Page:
It was fairly pleasant when we arrived on Wednesday late afternoon but by Thursday morning the rain and chilly weather had arrived. We set off on a hike (lots of Hercules Club in this park) in the morning, and then detoured into Commerce via the tiny town of Cooper to get Forest a nugget happy meal at McDonalds and something for us to snack on as well. He went 5 years without McDonald’s and out of necessity in Alaska we stopped and he’s become a McDonald’s nugget fiend ever since. And being that it was Thanksgiving and everything else was closed, McDonald’s was the choice—plus it was dry and had the Playplace and Forest was in heaven! We’ve since had to remind him that it is a treat and rarity and not a place we will be going often.

This was an exciting sight—a Goldenrod gall fly, Eurosta solidaginis!

Dreary prairie. Given the seedheads in the field, this place was pretty magnificent back in October! Probably pretty great in April/May as well.

Mantid egg case!

Lots of honeylocust in this park as well!

So, we made the best out of a dreary situation by hiking when the chances for rain were the lowest and getting in some trail explorations where we could, bundling up in layers in the process of it all.

One thing this state park did was were several really large post oak trees! Forest calls lumbering live oaks ‘elephant trees’ because the way the limbs can dangle down and look like elephant trunks, but because we’d been talking about how the state park might be a great place to find wild turkey he began calling the post oak trees ‘turkey trees’!

At the trailhead parking area we noticed this tree leaning over into the ROW, with limbs low enough to get fruits. From a distance we though persimmon and I put it in iNaturalist as placeholder but the taste and shape and such obviously didn’t lean that direction. It seems to be some kind of pear, though how it got there I don’t know. Bird? Human? I don’t believe there are any native pear species in North America.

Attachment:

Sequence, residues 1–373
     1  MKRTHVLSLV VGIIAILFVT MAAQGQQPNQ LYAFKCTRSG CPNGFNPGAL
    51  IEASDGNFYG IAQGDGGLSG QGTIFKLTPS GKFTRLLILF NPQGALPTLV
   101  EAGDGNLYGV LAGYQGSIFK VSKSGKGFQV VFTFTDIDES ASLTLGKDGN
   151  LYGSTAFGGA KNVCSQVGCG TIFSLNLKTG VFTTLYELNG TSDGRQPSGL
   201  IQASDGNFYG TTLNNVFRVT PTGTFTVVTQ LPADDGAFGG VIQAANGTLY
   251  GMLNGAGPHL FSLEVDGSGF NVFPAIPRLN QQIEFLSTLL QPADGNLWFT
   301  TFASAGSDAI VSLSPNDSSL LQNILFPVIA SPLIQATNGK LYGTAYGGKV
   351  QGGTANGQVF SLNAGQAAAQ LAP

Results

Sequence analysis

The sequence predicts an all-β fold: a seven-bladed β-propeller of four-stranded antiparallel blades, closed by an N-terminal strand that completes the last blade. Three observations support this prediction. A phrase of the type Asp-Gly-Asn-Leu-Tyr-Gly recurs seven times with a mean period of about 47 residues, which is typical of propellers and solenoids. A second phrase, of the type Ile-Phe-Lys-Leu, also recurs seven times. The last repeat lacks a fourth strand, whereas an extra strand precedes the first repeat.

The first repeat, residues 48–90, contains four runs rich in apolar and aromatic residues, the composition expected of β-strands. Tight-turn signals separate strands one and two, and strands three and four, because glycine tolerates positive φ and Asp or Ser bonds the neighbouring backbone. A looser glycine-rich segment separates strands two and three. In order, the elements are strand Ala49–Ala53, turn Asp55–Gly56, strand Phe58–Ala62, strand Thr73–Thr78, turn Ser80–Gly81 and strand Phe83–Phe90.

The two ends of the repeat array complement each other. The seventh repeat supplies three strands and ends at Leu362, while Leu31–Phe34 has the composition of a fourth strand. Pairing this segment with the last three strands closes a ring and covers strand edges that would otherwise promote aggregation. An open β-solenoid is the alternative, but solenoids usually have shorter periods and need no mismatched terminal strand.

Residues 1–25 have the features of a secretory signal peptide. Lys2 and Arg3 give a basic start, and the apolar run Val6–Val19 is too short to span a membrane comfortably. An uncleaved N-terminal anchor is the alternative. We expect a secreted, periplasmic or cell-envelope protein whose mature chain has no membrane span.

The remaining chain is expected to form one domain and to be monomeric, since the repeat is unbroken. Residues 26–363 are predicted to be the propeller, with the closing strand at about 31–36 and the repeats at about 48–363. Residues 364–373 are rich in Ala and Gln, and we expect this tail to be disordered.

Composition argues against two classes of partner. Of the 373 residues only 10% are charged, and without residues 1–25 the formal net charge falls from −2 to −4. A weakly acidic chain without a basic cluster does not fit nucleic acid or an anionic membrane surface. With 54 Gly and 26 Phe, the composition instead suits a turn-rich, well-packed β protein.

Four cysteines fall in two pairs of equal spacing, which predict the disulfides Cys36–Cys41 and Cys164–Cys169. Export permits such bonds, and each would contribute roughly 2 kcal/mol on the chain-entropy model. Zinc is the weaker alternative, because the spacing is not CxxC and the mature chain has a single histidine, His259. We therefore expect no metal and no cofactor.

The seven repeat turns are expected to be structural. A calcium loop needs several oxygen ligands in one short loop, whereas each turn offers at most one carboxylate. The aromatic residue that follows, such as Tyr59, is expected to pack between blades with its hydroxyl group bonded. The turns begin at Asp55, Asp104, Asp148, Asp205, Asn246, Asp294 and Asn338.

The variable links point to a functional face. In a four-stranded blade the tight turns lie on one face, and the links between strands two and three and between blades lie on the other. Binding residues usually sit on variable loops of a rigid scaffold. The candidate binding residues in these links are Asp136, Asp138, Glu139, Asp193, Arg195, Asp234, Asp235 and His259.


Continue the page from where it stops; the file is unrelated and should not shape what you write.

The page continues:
Turkey tree! And after all that, no turkeys were seen!

We were the only tent campers* until Friday evening, when after we’d spent half the day in Sulphur Springs, we noticed a tent had been set up down the road. We’d gone for a hike that morning and the rain chances for the afternoon were higher and not wanting to be stir crazy in the tent all afternoon we got Tex-Mex in town, found a Braum’s for ice cream (OMG, I miss Braum’s! They aren’t in the Houston area), killed some more time because the showing for Frozen II that still had tickets available wasn’t until 4:20. I think Chris thought Sulphur Springs would be a smaller town than it was and the movie theater wouldn’t be busy, but it was definitely big enough to sell out Frozen II on Black Friday.

*By this I mean, everyone else was in an RV or camper-trailer. It’s rare that there are a lot of tents at a state park.

The restaurant was really good and some of the better Tex-Mex I’ve had recently and definitely beat out a few restaurants that we go to.


Andropogon ternarius, split-beard bluestem. I’ve been wanting to see this after a prairie blog I read talked (talks) quite a bit about it. I think I have a new favorite bluestem!

Mecynogea lemniscata, Basilica Orbweaver egg sacs—I have seen these before but never knew what they belonged to…and thanks to iNaturalist I now do!

How was your Thanksgiving?

I’ve noticed a few people attempting to do a blog post a day for December. I don’t think I can swing that but I’m going to aim for a post every weekday. I think I can manage that!